In these circumstances it is hard to see how anybody except the industry is protected by laws that keep the patient from learning that the identical product may be available down the street for several dollars less. And, as a number of recent studies have shown, differences of that size are the rule rather than the exception. Money’s own shoppers, pricing the most commonly prescribed drugs at stores in twelve communities across the country, found dramatic differences not only from one region to another (a prescription for the painkiller Darvon cost $2.37 in one Chicago store, $4.75 in a New Jersey suburb) but from town to town, and even from store to store within the same community. To take an extreme example, in Alhambra, a middle-income suburb of Los Angeles, one Main Street drugstore quoted a price of $10 for 50 250-milligram tablets of the antibiotic Polycillin; another, also on Main Street, asked $20.
Many price discrepancies seem to reflect nothing more than the chaotic state of the pharmaceutical market, but our survey did suggest some patterns. Drugstores in wealthy suburban areas, for instance, routinely charge more than those in middle- or lower-middle-class neighborhoods. Some “discount” drugstores included in our survey had only a tenuous claim to the title. Several were cheaper than regular pharmacies for only about half of the drugs surveyed, and in some instances discount stores actually charged more. Ghetto pharmacies were expensive. Valium, a tranquilizer, cost $7.50 at one large pharmacy in New York’s Harlem. At a store five miles south in Rockefeller Center the same prescription went for only $5.85.
Even if prices were publicized, of course, not all druggists would charge the same amount. Stores with high rents or disproportionately large numbers of employees would still need to cover these special costs, as would stores providing home delivery. Pharmacies in high-crime areas, where pilferage is a problem and insurance rates are high, would presumably continue to offset these expenses by kicking up prices.
But in the present secretive atmosphere, other less defensible discrepancies flourish, some of them evidently the result of racial prejudice. Blacks, who constitute a captive clientele in most ghetto stores, often pay more than whites in the same store. In our survey, a pharmacist on Chicago’s South Side charged a shabbily dressed black $9 for 30 capsules of Darvon and 30 of Librium, and curtly denied his request for an itemized receipt. The day before, a well-dressed white man with the same prescription was charged a dollar less, served with a smile and given a receipt. In Englewood, New Jersey, a druggist filled a white journalist’s Darvon prescription for $4.50, then charged a well-dressed black $6.50 for the same dosage 15 minutes later. When the black complained, the druggist blandly explained the white’s lower price: “Oh, that was a professional discount.’’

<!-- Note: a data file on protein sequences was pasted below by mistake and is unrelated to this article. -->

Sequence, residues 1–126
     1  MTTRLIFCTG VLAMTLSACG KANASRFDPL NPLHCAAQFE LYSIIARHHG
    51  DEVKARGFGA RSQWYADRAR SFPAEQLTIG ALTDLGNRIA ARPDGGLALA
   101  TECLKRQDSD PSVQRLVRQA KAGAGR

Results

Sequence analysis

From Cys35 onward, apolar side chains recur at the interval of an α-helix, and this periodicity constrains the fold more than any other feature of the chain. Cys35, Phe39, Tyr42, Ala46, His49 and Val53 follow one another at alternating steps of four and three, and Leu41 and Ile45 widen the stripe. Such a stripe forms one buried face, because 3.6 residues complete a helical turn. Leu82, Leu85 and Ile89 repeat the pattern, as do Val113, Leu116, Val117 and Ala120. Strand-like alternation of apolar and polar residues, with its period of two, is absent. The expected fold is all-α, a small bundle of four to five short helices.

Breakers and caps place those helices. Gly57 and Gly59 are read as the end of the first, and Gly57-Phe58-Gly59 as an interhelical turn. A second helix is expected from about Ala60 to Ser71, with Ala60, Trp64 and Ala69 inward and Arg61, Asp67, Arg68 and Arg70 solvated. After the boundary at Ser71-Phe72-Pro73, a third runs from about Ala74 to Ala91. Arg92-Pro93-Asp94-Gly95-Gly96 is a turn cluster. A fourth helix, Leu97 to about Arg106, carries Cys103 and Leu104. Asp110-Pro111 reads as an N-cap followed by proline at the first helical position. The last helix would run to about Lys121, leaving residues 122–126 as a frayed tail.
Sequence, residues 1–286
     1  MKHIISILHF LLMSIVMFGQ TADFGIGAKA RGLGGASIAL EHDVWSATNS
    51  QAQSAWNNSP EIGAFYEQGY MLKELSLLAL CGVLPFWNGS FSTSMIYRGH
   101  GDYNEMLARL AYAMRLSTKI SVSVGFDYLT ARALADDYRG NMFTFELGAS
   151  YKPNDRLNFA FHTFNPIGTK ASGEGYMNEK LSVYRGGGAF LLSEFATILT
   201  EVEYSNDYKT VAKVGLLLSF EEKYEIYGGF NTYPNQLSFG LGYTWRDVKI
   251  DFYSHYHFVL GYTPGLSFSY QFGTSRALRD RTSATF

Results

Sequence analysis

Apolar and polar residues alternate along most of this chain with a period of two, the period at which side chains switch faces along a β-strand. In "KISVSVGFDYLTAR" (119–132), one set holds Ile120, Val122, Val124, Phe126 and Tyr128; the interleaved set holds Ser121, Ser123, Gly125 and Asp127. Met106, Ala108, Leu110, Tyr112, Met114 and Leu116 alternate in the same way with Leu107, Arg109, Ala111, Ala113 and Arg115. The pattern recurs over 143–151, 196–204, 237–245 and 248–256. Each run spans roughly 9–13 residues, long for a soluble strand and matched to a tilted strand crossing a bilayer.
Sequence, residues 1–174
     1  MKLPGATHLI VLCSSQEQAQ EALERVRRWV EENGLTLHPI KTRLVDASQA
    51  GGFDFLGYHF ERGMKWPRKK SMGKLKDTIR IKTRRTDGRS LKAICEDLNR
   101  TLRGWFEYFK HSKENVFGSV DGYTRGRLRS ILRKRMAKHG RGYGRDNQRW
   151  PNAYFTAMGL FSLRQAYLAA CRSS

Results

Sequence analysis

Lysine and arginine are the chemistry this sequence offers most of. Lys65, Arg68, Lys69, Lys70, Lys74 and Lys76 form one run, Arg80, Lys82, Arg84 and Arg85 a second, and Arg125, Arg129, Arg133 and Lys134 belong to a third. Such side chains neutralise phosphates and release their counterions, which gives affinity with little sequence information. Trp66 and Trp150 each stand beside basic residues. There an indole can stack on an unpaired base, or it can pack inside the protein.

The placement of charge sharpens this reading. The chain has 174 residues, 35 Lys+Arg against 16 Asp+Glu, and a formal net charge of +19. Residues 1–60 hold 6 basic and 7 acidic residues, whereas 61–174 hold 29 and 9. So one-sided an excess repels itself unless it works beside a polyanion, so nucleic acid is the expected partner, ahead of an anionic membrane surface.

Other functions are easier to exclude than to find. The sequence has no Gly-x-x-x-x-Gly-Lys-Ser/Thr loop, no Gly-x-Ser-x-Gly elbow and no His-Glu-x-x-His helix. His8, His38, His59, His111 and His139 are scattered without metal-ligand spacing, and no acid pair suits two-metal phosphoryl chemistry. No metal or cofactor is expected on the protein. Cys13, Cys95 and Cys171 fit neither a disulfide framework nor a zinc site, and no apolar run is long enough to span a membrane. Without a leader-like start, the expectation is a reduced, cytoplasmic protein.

The industry does have its mavericks. Last month Pathmark, a large eastern supermarket and pharmacy chain, began posting prices of 100 frequently prescribed drugs and sued to overturn laws banning drug price advertising in New York, New Jersey and Connecticut. Despite an outcry from local pharmacists, the Massachusetts attorney general’s office ruled last year that Osco Drugs, a national retail chain, had not violated state regulations against advertising by posting its prices for common prescriptions. The Boston Association of Retail Druggists is still protesting a city regulation, passed last year, that requires all drugstores in Boston to post prices of the 100 biggest-selling medicines in a conspicuous place and to charge all customers the posted prices. Pharmacists’ groups have also spoken out against a proposal by New York City’s consumer-protection agency for a similar law there.
Without waiting for laws of this type to spread nationwide, you can take a number of practical steps now to avoid paying unreasonably high prices for medicines. Among them:
- Make a practice of discussing the economics of health care with your physician. Let him know that you are concerned with the price of good health and ask what any treatment or prescription is likely to cost. Most doctors will gladly discuss costs if they are asked, and some will suggest ways in which they can be minimized. (Until recently, most physicians had little more information than their patients on the retail prices of many drugs. Some doctors have been surprised to learn that certain common drugs cost more than twice as much as others sometimes prescribed interchangeably for the same symptoms.)
- Similarly, ask your pharmacist what a particular prescription will cost before he fills it. If you feel the price is too high — or if he refuses to give you the price in advance—try another store.
- Ask your doctor for samples. Physicians get free samples of drugs from the salesmen who visit their offices, and most are willing to pass some along to their patients. If your drug needs are small, your doctor may have enough in his desk to save you the cost of a prescription.
- Get two prescriptions for drugs you will be reordering. Leave one with a drugstore that delivers and take the other to a discount store. If the discount store is cheaper, buy the drug there and use the regular pharmacy for emergencies.
- If your doctor approves, buy in quantity. A prescription for 100 pills is often more economical than one for 25. If you will ultimately need a large quantity of any given medicine — if, for example, you are a diabetic who needs maintenance doses of Orinase— you will save money if you make one purchase rather than several.
- Encourage your doctor to prescribe generically. There may sometimes be good reasons why he wants you to have a brand-name drug rather than its unbranded chemical equivalent, but not always. If he decides on second thought that plain penicillin g might do you as much good as Pentids (Squibb’s brand of penicillin g), you may save over a third of the price of the prescription.